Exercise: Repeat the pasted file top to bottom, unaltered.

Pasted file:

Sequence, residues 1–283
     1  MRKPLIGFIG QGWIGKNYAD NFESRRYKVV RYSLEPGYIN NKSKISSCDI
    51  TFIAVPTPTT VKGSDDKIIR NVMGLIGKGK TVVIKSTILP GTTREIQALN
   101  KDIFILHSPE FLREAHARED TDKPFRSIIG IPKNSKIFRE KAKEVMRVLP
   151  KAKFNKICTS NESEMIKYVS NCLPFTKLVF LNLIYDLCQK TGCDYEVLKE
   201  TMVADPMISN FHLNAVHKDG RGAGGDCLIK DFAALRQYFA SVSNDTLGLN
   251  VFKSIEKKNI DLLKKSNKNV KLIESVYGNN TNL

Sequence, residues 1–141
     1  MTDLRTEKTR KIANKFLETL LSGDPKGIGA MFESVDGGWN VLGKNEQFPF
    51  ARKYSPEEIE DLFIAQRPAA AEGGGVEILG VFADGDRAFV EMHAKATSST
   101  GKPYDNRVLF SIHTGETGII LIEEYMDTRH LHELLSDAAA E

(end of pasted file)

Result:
Sequence, residues 1–283
     1  MRKPLIGFIG QGWIGKNYAD NFESRRYKVV RYSLEPGYIN NKSKISSCDI
    51  TFIAVPTPTT VKGSDDKIIR NVMGLIGKGK TVVIKSTILP GTTREIQALN
   101  KDIFILHSPE FLREAHARED TDKPFRSIIG IPKNSKIFRE KAKEVMRVLP
   151  KAKFNKICTS NESEMIKYVS NCLPFTKLVF LNLIYDLCQK TGCDYEVLKE
   201  TMVADPMISN FHLNAVHKDG RGAGGDCLIK DFAALRQYFA SVSNDTLGLN
   251  VFKSIEKKNI DLLKKSNKNV KLIESVYGNN TNL

Sequence, residues 1–141
     1  MTDLRTEKTR KIANKFLETL LSGDPKGIGA MFESVDGGWN VLGKNEQFPF
    51  ARKYSPEEIE DLFIAQRPAA AEGGGVEILG VFADGDRAFV EMHAKATSST
   101  GKPYDNRVLF SIHTGETGII LIEEYMDTRH LHELLSDAAA E